Shielding students: local companies produce devices to protect students

It's called the '"Anchorman" and the way it works is simple. The goal too is simple: keeping children alive during an active shooter situation.

It's creator, from the LA County Sheriff's Department, says ''we're in a crisis."

The Anchorman is produced and marketed in Covina and like many similar products you can find online, it is an ''add on'' device for classroom doors. The aim is to keep people barricaded from the inside, quickly, since most current classroom doors do not have a locking mechanism on the inside and must be locked with a key from the outside.

The issue with fire professionals though, is that these devices, while well intended, may if used incorrectly or at the wrong time, trap kids inside when first responders are trying to access the room.

That's why such devices are in conflict with most fire codes.

The Anchorman comes with a quick release device that first responders or school official can use to quickly open the door from the outside, and other similar products have similar solutions but it's still an issue for fire marshals.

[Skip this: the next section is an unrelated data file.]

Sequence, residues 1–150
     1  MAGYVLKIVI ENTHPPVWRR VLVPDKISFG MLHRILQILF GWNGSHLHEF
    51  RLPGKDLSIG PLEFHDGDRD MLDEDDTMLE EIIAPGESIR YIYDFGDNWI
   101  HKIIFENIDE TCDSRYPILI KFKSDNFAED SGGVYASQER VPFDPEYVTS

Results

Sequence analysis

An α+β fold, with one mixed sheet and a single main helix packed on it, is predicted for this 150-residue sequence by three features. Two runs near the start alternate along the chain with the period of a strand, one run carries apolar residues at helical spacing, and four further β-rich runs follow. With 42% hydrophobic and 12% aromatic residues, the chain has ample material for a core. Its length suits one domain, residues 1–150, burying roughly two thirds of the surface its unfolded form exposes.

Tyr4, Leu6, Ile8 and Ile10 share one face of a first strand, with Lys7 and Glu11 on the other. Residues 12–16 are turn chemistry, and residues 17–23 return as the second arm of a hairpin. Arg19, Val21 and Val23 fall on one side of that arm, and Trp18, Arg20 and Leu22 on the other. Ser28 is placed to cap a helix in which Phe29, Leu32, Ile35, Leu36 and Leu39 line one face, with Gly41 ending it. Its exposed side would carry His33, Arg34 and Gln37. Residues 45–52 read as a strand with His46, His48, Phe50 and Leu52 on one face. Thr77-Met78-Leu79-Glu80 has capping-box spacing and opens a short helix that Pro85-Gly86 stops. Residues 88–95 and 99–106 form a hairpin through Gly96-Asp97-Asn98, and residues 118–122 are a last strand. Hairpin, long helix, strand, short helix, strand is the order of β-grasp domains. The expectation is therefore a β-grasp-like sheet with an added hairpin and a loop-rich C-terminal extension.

Another similar device comes from a South Bay company and is called '123 Lockdown Latch.' This device is similar to the little sliding bar you use on a hotel room door to prop a locked door open. With that latch added on the top of the door, and the door open a crack, your door remains locked all the time with the key, but in an emergency, you slide the ''lockdown latch'' over, the door closes, and again, is already locked, similar to a hotel room.

Experts on school safety say if the bad guy finds a door locked, he usually moves on.